The White House on Monday blasted a counteroffer from House Republicans on debt talks as failing to "meet the test of balance." 

The White House said the $2.2 trillion offer of spending cuts, entitlement reforms and $800 billion in new tax revenue "includes nothing new" and was not serious. It also faulted the proposal for lowering tax rates on the wealthy. 

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"While the president is willing to compromise to get a significant, balanced deal and believes that compromise is readily available to Congress, he is not willing to compromise on the principles of fairness and balance that include asking the wealthiest to pay higher rates," White House communications Director Dan Pfeiffer said in a statement. 

"President Obama believes – and the American people agree – that the economy works best when it is grown from the middle out, not from the top down."

Pfeiffer also dismissed the GOP for providing "no details on which deductions they would eliminate, which loopholes they will close or which Medicare savings they would achieve."

Republicans touted their proposal as a much more serious offer than the one President Obama floated last week. Obama's proposal was based on his budget, and included $1.6 trillion in new tax revenues. 

The Republican letter, signed by Speaker John BoehnerJohn Andrew BoehnerDems face hard choice for State of the Union response Even some conservatives seem open to return to earmarks Overnight Finance: Trump, lawmakers take key step to immigration deal | Trump urges Congress to bring back earmarks | Tax law poised to create windfall for states | Trump to attend Davos | Dimon walks back bitcoin criticism MORE (R-Ohio), Majority Leader Eric CantorEric Ivan CantorEric Cantor: Moore ‘deserves to lose’ If we want to make immigration great again, let's make it bipartisan Top Lobbyists 2017: Hired Guns MORE (R-Va.), and four other senior Republicans, including Rep. Paul RyanPaul Davis RyanGOP leaders pitch children's health funding in plan to avert shutdown Lawmakers see shutdown’s odds rising Fix what we’ve got and make Medicare right this year MORE (R-Wis.), outlines a budget plan based on the proposal former Clinton chief of staff Erskine Bowles presented to the congressional supercommittee. The offer includes half of the tax revenues proposed by the Obama administration, would not increase overall tax rates on the wealthiest Americans, and does not include an increase to the debt ceiling.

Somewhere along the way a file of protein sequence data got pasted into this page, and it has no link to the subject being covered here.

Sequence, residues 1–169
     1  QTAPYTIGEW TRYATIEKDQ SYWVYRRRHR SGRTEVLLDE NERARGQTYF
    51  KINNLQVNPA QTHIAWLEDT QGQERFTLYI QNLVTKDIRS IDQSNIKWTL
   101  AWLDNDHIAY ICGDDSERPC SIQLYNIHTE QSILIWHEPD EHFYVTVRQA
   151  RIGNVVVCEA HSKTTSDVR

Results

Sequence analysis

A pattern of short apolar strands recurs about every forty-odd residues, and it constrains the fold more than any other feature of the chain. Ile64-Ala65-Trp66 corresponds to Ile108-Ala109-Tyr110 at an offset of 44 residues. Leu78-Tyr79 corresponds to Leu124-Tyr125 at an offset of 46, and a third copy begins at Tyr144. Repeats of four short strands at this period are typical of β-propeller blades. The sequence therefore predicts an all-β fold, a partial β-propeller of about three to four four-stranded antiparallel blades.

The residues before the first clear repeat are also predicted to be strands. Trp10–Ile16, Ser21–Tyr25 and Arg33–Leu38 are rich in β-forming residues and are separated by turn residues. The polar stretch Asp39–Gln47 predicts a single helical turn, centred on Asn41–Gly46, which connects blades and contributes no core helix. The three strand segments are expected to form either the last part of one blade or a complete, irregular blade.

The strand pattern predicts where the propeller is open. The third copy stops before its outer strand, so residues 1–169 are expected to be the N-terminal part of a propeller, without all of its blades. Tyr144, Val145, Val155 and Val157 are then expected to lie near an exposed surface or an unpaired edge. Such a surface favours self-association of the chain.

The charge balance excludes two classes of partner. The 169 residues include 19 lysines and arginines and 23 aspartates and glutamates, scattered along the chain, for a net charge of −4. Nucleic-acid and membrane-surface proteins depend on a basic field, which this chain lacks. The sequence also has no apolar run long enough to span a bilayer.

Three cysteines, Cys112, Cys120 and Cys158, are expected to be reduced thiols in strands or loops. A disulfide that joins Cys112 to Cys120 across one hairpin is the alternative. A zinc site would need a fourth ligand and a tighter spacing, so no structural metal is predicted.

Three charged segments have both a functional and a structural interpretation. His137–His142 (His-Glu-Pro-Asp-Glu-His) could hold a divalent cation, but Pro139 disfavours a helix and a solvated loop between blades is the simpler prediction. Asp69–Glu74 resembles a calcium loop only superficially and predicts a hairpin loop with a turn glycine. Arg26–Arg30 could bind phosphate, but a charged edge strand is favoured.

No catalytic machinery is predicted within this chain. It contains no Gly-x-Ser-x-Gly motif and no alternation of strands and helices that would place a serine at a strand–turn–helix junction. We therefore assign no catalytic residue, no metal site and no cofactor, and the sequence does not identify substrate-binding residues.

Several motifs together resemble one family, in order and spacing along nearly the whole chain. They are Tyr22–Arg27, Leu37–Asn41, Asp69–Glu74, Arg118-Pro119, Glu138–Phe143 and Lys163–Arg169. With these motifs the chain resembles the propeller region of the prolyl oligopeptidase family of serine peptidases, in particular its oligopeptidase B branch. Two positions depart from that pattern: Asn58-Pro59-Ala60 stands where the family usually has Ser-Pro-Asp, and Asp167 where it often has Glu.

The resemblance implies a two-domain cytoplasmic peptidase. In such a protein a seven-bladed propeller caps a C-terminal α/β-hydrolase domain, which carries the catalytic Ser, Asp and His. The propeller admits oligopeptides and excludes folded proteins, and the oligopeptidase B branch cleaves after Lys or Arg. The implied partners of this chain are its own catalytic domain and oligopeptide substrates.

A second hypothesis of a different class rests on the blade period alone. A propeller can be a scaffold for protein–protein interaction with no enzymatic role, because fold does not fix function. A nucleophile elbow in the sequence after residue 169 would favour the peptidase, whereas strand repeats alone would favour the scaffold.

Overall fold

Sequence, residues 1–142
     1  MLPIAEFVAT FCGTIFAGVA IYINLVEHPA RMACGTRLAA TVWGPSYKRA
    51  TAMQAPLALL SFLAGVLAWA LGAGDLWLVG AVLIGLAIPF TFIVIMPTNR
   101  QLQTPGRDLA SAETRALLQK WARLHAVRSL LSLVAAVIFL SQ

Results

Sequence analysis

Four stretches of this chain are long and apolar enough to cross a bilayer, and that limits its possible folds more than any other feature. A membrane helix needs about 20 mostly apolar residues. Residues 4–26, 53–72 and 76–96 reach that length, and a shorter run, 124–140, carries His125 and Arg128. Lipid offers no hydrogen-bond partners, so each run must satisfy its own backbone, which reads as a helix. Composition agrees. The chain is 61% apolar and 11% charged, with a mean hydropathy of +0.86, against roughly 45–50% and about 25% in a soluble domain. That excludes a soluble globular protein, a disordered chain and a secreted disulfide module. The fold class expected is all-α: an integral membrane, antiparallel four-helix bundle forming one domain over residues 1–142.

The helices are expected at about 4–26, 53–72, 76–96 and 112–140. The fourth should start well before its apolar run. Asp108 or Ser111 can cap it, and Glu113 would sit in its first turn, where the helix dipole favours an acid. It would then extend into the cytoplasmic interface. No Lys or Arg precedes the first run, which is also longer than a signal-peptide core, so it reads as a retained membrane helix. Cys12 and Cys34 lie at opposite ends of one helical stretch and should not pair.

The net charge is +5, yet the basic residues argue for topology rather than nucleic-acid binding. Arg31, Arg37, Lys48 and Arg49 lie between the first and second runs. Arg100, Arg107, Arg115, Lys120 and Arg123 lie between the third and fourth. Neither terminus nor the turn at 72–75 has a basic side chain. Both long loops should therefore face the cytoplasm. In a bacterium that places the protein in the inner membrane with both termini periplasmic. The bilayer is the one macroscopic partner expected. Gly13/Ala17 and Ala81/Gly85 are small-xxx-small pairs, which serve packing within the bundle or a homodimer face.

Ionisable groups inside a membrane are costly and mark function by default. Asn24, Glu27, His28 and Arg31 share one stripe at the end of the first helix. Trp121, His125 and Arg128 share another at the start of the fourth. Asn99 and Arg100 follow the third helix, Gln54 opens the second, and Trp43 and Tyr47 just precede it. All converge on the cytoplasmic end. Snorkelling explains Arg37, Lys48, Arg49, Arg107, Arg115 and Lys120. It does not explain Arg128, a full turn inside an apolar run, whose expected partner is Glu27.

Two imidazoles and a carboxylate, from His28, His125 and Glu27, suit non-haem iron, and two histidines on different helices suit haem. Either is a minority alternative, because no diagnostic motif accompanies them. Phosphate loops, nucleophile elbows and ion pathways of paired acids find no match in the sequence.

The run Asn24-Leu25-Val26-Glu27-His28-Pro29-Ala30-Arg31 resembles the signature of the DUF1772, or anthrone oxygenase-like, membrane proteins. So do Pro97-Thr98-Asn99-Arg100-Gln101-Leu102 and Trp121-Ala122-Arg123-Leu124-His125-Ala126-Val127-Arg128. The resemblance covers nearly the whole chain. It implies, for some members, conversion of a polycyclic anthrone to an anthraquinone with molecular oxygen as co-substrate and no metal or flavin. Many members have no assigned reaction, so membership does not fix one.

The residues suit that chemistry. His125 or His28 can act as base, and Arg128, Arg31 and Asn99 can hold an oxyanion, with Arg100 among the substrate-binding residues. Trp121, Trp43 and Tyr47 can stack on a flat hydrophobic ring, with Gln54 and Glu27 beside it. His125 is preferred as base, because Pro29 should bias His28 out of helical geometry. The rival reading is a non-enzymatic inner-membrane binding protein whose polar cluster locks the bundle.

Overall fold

The plan would reduce the deficit by $2.2 trillion, or by $4.6 trillion if anticipated savings from existing legislation and the wind-down of the wars in Iraq and Afghanistan are included.

“What we are putting forward is a credible plan that deserves serious consideration by the White House,” BoehnerJohn Andrew BoehnerDems face hard choice for State of the Union response Even some conservatives seem open to return to earmarks Overnight Finance: Trump, lawmakers take key step to immigration deal | Trump urges Congress to bring back earmarks | Tax law poised to create windfall for states | Trump to attend Davos | Dimon walks back bitcoin criticism MORE told reporters on Capitol Hill.

Earlier Monday, White House spokesman Jay Carney argued a Republican proposal needed to show rates on the top 2 percent of earners would rise, saying "the American people overwhelmingly disagree" with Republicans who want to maintain Bush-era tax rates for all taxpayers. The GOP proposal sent later in the afternoon preserves the Bush-era tax rates, although would eliminate some loopholes and deductions.

"Rates have to rise, and the Republicans have to acknowledge that," Carney said.

Pfeiffer accused Republicans of failing to "get serious" in the negotiations.

Republicans reject that characterization, with Senate Republican Leader Mitch McConnellAddison (Mitch) Mitchell McConnellSessions: 'We should be like Canada' in how we take in immigrants NSA spying program overcomes key Senate hurdle Overnight Finance: Lawmakers see shutdown odds rising | Trump calls for looser rules for bank loans | Consumer bureau moves to revise payday lending rule | Trump warns China on trade deficit MORE (Ky.)  issuing a statement calling the House plan a “good-faith effort to find common ground.”

“While the president hasn’t moved an inch away from his efforts to please his radical left-wing base, the speaker has consistently shown a good-faith effort to find common ground and a realistic approach to solving the very real economic problems facing our country,” McConnell said. “If the president is serious about joining us in an effort to reduce the deficit and protect the economy, he’ll get off the campaign trail, drop the left-wing talking points, and instruct his staff to negotiate a solution in good faith based on actual written proposals. In short, he'll begin doing what leaders do: Lead.”

— Russell Berman contributed reporting.